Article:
13/04/2004 - 22:00

New push to find self-reliance

13/04/2004 - 22:00


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AS Federal politicians sound the death knell for Australia’s peak Indigenous representative body – the Aboriginal Torres Strait Islander Commission – a different  kind of will is slowly emerging to advance indigenous Australia’s plight.

New push to find self-reliance

AS Federal politicians sound the death knell for Australia’s peak Indigenous representative body – the Aboriginal Torres Strait Islander Commission – a different  kind of will is slowly emerging to advance indigenous Australia’s plight.

Governments since the 1960s have tried patching up or reversing the low employment status of Aboriginal Australians by implementing policies and programs.

However, according to the Australian Bureau of Statistics research fellow Boyd Hamilton Hunter in his 2001 analysis of the Indigenous labour market, a situation may actually have been created that has limited future options for Indigenous economic equality.

Shark Bay community group Yadgalah Aboriginal Corporation chairman Ben Bellottie, talking about the group’s recent purchase of a stake in a local resort, perhaps best echoes this sentiment.

“We could go forever and a day, for as long as ATSIC was around and sit on their funding program, but it was sort of going nowhere,” he said.

After functioning for almost 20 years as a small community group administering community programs, Mr Bellottie said the purchase had given them the hope of becoming self-sufficient without having to rely on government programs.

“Not too many people were interested in the story at the time but it was a real big deal for us,” he said.

While he admits they still have a long way to go and not everybody is supportive, a growing number of policy makers and business people are looking down this road.

That is, assisting Indigenous Australians in gaining business skills through participation in owning or managing commercial projects.

The Yadgalah Aboriginal Corporation was assisted in purchasing the resort with ATSIC loans and grants alomg with the support of ATSIC’s quasi-private sibling, Indigenous Business Australia.

Returns from most Indigenous investments flow back to communities, firstly to repay debt and then into the community groups or into further investments.

Although he could not say whether Indigenous participation in business was up or down in WA, State Development Minister Clive Brown agreed there was a growing support for this type of controlled market approach in WA.

“I see it regularly. There is a real determination in Aboriginal communities, in non-Aboriginal communities and in government to really advance the economic interests of aboriginal people,” he said.

While there are wide ranging opinions on what form this should take, evidence that indigenous interest in the ownership of commercial projects is growing.

Indigenous Business Australia, a statutory authority that has been likened to an Indigenous commercial bank, is very much a part of this move away from welfare.

IBA general manager Ron Moroney said there had been a lot of talk about a move away from welfare but there has been little movement so far because few people knew how to do it.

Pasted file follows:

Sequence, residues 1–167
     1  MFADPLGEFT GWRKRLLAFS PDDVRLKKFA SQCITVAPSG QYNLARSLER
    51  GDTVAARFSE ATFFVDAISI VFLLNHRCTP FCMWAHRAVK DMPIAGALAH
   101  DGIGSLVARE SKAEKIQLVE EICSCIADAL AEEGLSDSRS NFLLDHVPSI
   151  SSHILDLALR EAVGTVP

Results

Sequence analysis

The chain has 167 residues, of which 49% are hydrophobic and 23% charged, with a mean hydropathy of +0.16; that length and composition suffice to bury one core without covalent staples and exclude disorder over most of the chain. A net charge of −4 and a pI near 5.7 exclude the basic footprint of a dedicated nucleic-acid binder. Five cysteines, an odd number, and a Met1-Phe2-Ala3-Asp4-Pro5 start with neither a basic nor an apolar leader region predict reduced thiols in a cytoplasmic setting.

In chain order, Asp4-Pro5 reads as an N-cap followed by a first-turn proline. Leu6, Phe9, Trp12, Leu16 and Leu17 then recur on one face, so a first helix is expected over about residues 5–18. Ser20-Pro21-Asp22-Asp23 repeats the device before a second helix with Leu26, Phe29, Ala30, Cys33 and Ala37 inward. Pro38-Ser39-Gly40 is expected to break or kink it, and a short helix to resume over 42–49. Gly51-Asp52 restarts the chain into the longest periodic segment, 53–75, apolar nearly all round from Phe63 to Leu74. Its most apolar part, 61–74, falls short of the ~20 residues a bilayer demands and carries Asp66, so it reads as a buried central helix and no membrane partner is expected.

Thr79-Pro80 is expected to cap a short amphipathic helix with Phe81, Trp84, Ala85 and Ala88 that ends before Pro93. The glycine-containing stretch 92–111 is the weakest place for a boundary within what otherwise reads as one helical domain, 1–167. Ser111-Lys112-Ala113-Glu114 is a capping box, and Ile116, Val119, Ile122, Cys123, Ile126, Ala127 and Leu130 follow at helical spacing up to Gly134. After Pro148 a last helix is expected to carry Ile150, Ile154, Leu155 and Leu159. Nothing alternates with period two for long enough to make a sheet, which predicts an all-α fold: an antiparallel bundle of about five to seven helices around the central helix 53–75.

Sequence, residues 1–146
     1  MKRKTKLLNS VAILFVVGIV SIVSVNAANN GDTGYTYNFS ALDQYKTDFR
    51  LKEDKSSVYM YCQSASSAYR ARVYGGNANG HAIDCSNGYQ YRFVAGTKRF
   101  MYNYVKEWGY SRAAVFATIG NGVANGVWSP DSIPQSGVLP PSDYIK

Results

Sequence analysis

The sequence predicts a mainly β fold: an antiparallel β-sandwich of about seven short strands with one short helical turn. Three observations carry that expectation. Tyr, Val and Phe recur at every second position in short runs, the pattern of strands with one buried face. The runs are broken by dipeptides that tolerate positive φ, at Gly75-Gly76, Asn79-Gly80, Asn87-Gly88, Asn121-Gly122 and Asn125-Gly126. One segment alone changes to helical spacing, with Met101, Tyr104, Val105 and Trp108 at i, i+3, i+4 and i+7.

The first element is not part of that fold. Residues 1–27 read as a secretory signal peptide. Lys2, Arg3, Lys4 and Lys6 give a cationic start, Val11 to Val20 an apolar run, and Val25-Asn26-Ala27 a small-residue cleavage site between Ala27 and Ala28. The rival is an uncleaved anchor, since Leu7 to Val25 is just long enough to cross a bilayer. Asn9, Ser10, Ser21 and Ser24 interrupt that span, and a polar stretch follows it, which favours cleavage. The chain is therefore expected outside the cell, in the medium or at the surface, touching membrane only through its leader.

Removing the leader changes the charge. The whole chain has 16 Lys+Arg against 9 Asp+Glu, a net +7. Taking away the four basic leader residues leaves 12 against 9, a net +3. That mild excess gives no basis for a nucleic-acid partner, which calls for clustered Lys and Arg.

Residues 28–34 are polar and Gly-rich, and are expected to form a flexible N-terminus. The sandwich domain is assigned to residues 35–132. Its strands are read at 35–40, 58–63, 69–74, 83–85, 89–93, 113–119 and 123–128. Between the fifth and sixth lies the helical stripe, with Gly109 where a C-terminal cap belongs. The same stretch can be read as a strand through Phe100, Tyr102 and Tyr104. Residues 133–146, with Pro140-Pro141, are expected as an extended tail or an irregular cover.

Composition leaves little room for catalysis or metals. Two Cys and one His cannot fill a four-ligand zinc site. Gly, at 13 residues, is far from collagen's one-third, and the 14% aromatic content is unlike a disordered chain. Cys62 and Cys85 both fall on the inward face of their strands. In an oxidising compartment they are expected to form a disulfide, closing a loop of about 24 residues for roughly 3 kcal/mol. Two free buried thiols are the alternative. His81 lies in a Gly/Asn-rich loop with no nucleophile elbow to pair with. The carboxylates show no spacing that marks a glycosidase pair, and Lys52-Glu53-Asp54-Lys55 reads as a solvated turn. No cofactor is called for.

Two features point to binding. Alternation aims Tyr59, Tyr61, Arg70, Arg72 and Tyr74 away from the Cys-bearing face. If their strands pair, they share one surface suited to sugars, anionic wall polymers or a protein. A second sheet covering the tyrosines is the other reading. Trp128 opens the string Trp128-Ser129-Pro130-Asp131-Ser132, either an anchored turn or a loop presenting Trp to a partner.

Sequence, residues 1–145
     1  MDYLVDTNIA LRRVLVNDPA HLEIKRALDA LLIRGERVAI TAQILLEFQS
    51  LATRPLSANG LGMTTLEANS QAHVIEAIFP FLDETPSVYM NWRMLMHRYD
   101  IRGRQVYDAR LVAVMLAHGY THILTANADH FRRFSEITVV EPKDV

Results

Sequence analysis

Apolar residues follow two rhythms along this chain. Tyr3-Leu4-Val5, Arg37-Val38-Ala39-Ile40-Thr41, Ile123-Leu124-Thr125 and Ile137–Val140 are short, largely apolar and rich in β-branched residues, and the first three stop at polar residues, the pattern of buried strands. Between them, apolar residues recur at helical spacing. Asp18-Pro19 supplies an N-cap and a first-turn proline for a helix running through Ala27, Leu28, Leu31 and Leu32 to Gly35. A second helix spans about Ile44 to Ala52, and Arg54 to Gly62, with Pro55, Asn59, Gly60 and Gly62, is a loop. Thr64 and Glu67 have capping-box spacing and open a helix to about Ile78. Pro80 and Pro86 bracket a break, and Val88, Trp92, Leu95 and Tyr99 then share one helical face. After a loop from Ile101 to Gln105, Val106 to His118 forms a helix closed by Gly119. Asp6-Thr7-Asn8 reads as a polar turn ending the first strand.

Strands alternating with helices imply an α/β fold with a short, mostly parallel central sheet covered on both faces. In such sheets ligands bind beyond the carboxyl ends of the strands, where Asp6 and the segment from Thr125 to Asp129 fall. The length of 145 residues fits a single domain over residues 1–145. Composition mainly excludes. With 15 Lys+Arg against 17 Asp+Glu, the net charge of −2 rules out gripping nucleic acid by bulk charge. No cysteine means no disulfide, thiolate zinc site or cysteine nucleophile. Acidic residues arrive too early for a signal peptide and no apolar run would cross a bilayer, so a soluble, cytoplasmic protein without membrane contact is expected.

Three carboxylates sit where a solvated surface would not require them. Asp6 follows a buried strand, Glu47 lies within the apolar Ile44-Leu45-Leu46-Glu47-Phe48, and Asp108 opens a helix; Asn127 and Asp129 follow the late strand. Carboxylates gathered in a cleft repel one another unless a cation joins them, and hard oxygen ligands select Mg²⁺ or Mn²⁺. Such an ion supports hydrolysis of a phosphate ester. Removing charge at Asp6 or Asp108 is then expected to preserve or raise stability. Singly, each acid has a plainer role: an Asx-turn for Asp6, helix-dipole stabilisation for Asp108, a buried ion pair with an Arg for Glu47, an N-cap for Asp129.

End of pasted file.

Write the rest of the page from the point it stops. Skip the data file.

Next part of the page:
“It is going to take time,” he said.

“Most people tend to look at Aboriginal issues and look at the effect and not the cause.

“But if you look at problems in Aboriginal communities, it is largely about poverty and low incomes which effect people’s health and people’s lives in a significant way.

“What we are trying to do is to create an asset and wealth base through business development.

“That has happened in Canada, the US and Maoris [New Zealand] are heading down that track in a significant way.”

He said, as a result these countries had found, as they moved down the commercial path, social problems common to many Indigenous populations begin to decline.

For the moment, solo operators such as successful mining entrepreneur Daniel Tucker are sparse while indigenous partnerships seem the way to go.

Mr Moroney said IBA recently partnered with a commercially sophisticated indigenous partner in Fitzroy Crossing and had already sold out of a number of joint ventures with communities around Australia.

However, while WA is quite well represented in IBA’s investment portfolio the organisation’s investment has been somewhat constrained because of its attachment to the Federal Government.

One Indigenous Western Australian who is really testing the market is University of Western Australia finance graduate, Joe Procter.

Mr Procter recently moved to Sydney where he is heading up proposed Indigenous private equity fund Indigenous Capital Austalia,

Mr Procter is a firm believer in Indigenous ownership.

In the meantime, however, increasing numbers of Indigenous Australians are completing school and going to university.

Western Australian Indigenous Tourism Operators Committee deputy chair Karen Jacobs said it was important to champion high achieving Indigenous Australians to encourage the younger generations to go that step further and do their graduate diplomas or masters.

“They are doing courses they feel comfortable with at the moment so what we are doing is encourage them to step outside their circle,’ she said.





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